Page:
Friday, August 26, 2011

Programs for the Week of 8/29

Jean’s Pick of the Week (watch video): Redeemers: Power Brokers Who Shaped Latin America: Just before going on the air on Tuesday, I got a call from Wisconsin’s former Lieutenant Governor Barbara Lawton who has an abiding interest in the politics of Latin America. She was effusive. “Oh, I just found out that you have Enrique Krauze on your show today. What a coup! He is so great!” And so he was, blazing a path through Latin America’s complicated political and intellectual history, bringing to life the great literary and revolutionary figures from the past whose legacy endures today. Best of all was the overall message: the image of the caudillo that began with Simon Bolivar who famously prophesied, “Out of my grave a thousand dictators will spring,” may very well end with the post-modern caudillo Hugo Chaves. Democracy has taken hold south of the border. Maybe we should pay closer attention. We might learn something.

Monday: The Inter-Species Language of Grief: Ever since her husband lost the ability to speak after suffering a stroke, Diane Ackerman has been grieving. She finds that, out of empathy, her acute sense of loss has connected her with the losses and grieving of others, including animals.

Tuesday: Environmental Degradation as Slow Violence: Nigerian activist, Ken Saro-Wiwa, refused to let the oil industry's disastrous effect on his community go unnoticed. He's just one voice showcased in Rob Nixon's new book urging us to see environmental degradation as a kind of slow violence affecting the poorest in our communities.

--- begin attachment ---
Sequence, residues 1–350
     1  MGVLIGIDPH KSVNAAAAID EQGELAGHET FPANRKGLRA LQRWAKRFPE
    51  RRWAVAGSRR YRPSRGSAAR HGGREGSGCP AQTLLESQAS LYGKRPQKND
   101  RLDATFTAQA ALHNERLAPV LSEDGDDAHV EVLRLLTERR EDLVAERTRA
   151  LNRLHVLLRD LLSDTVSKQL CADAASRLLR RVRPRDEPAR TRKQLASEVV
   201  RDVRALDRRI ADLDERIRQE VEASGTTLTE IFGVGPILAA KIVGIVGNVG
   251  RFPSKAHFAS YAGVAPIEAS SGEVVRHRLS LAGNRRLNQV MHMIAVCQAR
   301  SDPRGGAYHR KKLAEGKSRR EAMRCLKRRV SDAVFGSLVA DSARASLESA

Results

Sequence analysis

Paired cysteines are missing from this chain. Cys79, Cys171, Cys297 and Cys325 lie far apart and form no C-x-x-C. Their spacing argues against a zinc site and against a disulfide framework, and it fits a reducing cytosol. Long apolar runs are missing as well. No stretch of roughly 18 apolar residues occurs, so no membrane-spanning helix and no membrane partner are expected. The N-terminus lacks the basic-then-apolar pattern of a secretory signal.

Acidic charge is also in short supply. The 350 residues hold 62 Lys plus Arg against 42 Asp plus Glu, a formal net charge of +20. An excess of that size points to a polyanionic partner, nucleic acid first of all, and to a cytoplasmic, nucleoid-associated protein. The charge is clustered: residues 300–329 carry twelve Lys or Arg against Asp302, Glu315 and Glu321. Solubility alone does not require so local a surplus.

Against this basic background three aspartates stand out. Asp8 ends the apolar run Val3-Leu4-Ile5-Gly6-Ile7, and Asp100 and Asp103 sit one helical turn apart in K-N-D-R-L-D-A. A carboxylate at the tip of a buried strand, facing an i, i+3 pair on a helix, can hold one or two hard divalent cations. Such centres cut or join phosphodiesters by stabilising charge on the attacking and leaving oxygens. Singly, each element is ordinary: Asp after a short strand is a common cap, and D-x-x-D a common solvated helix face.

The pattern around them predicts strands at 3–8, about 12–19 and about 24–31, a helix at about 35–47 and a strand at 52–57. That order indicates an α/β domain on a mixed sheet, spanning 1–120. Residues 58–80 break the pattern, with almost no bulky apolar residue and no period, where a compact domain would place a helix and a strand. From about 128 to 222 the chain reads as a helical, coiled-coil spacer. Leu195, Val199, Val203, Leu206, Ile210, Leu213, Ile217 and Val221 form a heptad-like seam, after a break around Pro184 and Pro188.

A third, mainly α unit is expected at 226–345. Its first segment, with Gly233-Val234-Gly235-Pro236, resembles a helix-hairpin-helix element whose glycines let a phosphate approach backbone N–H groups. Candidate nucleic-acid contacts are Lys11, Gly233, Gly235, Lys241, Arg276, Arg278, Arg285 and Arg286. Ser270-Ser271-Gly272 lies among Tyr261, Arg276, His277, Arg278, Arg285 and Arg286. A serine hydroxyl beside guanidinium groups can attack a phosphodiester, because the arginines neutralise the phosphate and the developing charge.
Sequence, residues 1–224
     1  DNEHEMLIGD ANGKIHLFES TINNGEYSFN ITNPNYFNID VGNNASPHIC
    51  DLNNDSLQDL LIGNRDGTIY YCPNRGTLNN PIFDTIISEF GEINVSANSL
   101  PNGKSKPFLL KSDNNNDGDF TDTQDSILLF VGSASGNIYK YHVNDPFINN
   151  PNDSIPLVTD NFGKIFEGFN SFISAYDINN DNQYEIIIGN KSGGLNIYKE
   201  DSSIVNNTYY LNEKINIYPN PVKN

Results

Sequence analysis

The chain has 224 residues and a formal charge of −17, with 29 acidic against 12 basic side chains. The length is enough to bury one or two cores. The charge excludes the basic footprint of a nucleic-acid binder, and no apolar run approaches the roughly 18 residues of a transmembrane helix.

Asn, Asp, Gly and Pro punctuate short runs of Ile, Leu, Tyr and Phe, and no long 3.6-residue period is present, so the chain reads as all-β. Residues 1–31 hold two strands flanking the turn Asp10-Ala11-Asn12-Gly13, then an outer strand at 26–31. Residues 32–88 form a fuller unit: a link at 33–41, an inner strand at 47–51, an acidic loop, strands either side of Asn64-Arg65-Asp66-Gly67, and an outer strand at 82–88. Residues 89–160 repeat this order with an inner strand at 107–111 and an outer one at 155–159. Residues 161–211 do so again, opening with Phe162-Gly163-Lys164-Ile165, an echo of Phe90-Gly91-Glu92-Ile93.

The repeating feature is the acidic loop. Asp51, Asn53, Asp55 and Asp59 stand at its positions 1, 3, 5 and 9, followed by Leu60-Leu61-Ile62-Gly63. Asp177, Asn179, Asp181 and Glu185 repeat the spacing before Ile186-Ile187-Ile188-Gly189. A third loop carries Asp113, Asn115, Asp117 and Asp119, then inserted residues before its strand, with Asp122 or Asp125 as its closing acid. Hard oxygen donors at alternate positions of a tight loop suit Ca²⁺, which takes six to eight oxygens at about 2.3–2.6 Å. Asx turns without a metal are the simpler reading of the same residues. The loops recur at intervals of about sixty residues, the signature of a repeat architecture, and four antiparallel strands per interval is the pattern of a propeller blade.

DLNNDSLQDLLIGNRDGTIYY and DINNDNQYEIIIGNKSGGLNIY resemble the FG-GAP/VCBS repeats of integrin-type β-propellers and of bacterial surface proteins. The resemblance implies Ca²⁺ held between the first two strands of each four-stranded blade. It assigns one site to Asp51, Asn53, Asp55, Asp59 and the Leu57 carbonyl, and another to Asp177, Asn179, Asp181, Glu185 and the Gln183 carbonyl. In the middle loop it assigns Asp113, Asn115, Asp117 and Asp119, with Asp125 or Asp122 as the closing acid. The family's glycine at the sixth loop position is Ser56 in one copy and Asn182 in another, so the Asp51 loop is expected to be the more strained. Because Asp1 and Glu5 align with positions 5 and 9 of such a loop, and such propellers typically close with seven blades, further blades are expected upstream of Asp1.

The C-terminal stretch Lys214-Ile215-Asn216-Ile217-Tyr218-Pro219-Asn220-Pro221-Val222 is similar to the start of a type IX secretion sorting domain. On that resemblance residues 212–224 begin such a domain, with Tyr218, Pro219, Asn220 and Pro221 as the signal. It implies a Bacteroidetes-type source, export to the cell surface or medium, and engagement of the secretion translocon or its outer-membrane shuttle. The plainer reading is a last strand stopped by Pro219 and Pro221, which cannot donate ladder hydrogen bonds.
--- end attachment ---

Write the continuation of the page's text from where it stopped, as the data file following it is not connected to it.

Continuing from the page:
Wednesday: Pearl Buck in China (encore): A blond blue-eyed daughter of a Presbyterian missionary, Pearl Buck grew up in rural China amid bandit raids, beheadings and battles, when infant girls were strangled and thrown to the dogs. Helen Spurling's biography looks at the years that shaped Buck as a writer and gave her magic power. (Rebroadcast from July 19, 2010)

Thursday: Rambunctious Nature: Environmentalist Emma Marris says it's time to abandon the idea of preserving nature in its pristine state, and move forward instead with creating the "rambunctious garden," which she describes as "a hybrid of wild nature and human management."

Friday: Odd Bits: When it comes to meat, the prime cuts seem to get all the attention. Australian Jennifer McLagan, author of the infamous "Fat," explores why we shy away from odd bits, from tongues and brains, to gizzards and trotters, their taste potential, and how we can approach them with more confidence in the kitchen.

It’s sad to see summer fade away, especially after such a glorious – and mosquito free – month in Wisconsin. No dog days this August. Happy grilling!


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